SLR - September 2021 - Callie Morlock
Magnetic Resonance Imaging T2* Mapping of the Talar Dome and Subtalar Joint Cartilage 3 Years After Anterior Talofibular Ligament Repair or Reconstruction in Chronic Lateral Ankle Instability
Reference: Hu Y, Zhang Y, Li Q, Xie Y, Lu R, Tao H, Chen S. Magnetic Resonance Imaging T2* Mapping of the Talar Dome and Subtalar Joint Cartilage 3 Years After Anterior Talofibular Ligament Repair or Reconstruction in Chronic Lateral Ankle Instability. Am J Sports Med. 2021 Mar;49(3):737-746. doi: 10.1177/0363546520982240. Epub 2021 Feb 8. PMID: 33555910.
Level of Evidence: Level III, Cohort Study
Scientific Literature Review
Reviewed By: Callie Morlock, DPM
Residency Program: North Colorado Medical Center – Greeley, CO
Podiatric Relevance: Ankle sprains are common injuries often involving the anterior talofibular ligament. Most ankle sprains can be treated with conservative measures while surgical intervention is reserved for patients who develop chronic lateral ankle instability. Preventing the incidence of osteochondral lesions to the talar dome and ankle osteoarthritis are ideal surgical outcomes. Anatomic lateral ligament reconstruction is proven to be the better surgical treatment of choice compared to nonanatomic techniques in clinical practice, but the nonanatomic approach is still an option. The purpose of this study was to evaluate changes in the cartilage matrix at the talar dome and subtalar joint after anatomic ATFL repair and reconstruction using MRI T2 mapping and comparing the results to an asymptomatic control group. Additionally, the researchers compared cartilage degenerative changes and clinical scores between anatomic ATFL repair and reconstruction.
Methods: This level 3 cohort study evaluated patients who developed chronic lateral ankle instability and underwent arthroscopic anatomic isolated ATFL repair or reconstruction. Of the 31 patients, 19 had an ATFL repair and 20 had an ATFL reconstruction. The control group consisted of 21 healthy volunteers. Patients underwent a 3.0-T MRI at baseline and three-year follow up while the control group only had baseline imaging performed. The primary outcome was T2 relaxation values of the talar dome and posterior subtalar joint while ankle function was evaluated using AOFAS scores.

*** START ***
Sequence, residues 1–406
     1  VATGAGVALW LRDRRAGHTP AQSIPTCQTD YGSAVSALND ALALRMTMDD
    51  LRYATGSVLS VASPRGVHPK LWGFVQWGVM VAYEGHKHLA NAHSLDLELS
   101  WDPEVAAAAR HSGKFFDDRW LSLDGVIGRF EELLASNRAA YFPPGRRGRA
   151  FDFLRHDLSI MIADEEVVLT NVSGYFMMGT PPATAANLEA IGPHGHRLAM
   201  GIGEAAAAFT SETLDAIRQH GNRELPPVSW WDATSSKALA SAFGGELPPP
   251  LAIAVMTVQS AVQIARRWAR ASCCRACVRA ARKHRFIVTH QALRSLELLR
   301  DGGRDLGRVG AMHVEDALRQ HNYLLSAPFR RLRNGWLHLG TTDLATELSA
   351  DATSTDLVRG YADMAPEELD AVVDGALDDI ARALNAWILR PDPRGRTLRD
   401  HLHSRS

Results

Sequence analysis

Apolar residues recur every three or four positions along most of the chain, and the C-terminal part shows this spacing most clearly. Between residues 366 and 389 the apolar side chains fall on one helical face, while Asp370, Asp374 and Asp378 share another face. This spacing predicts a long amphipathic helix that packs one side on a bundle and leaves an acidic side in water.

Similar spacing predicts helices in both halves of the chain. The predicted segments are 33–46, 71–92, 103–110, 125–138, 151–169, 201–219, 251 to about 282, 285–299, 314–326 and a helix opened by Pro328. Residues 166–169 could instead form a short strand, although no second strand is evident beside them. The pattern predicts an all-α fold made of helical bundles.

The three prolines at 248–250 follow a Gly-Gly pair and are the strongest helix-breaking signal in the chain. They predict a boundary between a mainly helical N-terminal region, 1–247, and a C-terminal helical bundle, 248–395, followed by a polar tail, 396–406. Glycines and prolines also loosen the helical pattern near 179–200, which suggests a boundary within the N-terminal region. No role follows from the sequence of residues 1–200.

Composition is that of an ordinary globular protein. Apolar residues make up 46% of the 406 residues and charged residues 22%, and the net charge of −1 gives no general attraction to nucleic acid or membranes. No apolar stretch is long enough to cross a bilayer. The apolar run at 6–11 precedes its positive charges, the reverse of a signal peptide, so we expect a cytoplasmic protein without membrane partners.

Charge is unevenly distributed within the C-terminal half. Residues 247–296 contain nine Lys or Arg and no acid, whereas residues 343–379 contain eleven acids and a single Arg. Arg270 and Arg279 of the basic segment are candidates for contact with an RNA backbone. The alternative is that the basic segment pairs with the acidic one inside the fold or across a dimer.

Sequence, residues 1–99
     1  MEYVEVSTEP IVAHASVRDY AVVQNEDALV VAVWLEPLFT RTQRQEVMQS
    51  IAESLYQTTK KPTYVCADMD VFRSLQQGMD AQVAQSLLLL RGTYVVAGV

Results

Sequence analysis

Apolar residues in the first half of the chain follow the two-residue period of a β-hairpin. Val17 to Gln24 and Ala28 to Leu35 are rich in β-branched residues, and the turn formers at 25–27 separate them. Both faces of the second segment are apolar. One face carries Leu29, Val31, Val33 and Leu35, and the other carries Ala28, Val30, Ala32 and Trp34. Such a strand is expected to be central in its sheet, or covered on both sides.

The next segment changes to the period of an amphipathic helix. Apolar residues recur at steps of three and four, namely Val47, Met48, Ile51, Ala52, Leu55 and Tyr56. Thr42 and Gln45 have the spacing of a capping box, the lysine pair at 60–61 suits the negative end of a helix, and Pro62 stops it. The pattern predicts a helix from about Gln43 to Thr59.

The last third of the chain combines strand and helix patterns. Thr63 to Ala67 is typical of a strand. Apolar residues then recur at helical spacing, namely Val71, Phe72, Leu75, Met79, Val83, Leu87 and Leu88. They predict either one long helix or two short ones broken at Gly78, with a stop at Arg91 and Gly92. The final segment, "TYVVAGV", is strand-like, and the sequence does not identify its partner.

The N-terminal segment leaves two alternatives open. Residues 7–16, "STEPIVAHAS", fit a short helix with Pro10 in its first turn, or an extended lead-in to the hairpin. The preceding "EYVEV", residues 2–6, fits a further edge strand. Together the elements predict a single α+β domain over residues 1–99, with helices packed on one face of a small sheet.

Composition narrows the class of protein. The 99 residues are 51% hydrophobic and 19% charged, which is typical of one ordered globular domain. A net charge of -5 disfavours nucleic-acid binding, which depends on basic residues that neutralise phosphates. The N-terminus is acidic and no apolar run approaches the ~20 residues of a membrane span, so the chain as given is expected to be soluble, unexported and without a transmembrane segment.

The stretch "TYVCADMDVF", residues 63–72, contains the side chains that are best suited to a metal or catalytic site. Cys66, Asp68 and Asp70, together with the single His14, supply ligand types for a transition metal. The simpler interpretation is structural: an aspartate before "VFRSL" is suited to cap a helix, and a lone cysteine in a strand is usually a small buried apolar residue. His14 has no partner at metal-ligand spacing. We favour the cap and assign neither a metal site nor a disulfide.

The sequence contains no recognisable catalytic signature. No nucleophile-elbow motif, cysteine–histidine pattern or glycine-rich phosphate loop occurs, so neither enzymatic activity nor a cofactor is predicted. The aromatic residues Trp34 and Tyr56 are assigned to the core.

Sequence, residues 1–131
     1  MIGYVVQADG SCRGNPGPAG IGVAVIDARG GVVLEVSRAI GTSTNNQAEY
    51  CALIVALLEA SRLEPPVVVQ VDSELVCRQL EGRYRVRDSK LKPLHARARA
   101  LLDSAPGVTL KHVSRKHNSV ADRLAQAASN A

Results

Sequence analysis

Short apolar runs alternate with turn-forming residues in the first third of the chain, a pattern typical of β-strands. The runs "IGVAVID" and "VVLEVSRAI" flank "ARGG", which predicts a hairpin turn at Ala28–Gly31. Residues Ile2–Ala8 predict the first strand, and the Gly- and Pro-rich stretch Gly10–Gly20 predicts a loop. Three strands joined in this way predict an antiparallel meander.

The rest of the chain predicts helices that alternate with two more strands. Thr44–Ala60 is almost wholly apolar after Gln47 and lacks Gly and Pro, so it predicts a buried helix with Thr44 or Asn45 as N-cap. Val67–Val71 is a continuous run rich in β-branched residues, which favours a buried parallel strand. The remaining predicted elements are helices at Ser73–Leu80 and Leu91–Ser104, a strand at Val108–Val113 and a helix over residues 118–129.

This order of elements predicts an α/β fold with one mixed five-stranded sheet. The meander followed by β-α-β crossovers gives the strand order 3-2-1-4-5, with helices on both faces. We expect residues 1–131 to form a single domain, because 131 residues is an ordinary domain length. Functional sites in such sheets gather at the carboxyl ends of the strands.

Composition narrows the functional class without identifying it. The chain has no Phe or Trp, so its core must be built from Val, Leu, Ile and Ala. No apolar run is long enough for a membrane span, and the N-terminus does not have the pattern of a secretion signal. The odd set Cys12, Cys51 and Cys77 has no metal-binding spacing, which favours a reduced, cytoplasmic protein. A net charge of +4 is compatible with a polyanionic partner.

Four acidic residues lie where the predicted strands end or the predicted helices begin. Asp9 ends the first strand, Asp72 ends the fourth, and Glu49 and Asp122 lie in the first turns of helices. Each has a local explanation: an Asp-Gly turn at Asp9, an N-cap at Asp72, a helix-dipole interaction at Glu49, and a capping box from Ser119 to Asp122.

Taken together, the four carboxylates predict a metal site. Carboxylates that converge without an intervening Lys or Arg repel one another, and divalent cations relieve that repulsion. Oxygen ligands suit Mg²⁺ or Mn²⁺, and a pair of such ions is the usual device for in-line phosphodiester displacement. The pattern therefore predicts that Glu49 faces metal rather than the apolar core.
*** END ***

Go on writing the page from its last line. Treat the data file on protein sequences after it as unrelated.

Results: Patients who underwent ATFL repair showed significant increase in T2 values on the medial and lateral posterior and central talar cartilage from baseline to three-year follow up. Patients who underwent ATFL repair showed significantly higher T2 values at follow up to all regions except the medial and lateral anterior and lateral central talar cartilage compared to the baseline control group. Patients who underwent ATFL reconstruction showed significant increase in T2 values in the lateral central and posterior cartilage from baseline to three-year follow up. Patients who underwent ATFL reconstruction showed significantly higher T2 values in all regions except medial and lateral anterior talar cartilage compared to the baseline control group. Comparing ATFL repair and reconstruction from baseline to follow up, ATFL repairs showed a significant decrease in T2 values of the lateral calcaneal cartilage compared to ATFL reconstruction. There were no significant differences in the AOFAS score between repair and reconstruction interventions however, patients who underwent repair or reconstruction had significant improvements in AOFAS scores at the three-year follow up.
Conclusions: Researchers concluded that neither ATFL anatomic repair nor reconstruction prevented the advancement of talar dome and posterior subtalar joint cartilage degeneration. While surgical intervention showed significant improvements with AOFAS scores at the three-year follow up, chronic lateral ankle instability may not be fully resolved with anatomic ATFL repair and reestablishment of normal ankle kinetics may not be feasible. Weaknesses of this study include the lack of a nonoperative cohort and the control group being evaluated at baseline only. Future studies should include a nonoperative cohort to compare with a surgical intervention group and a healthy control group over a longer follow up period.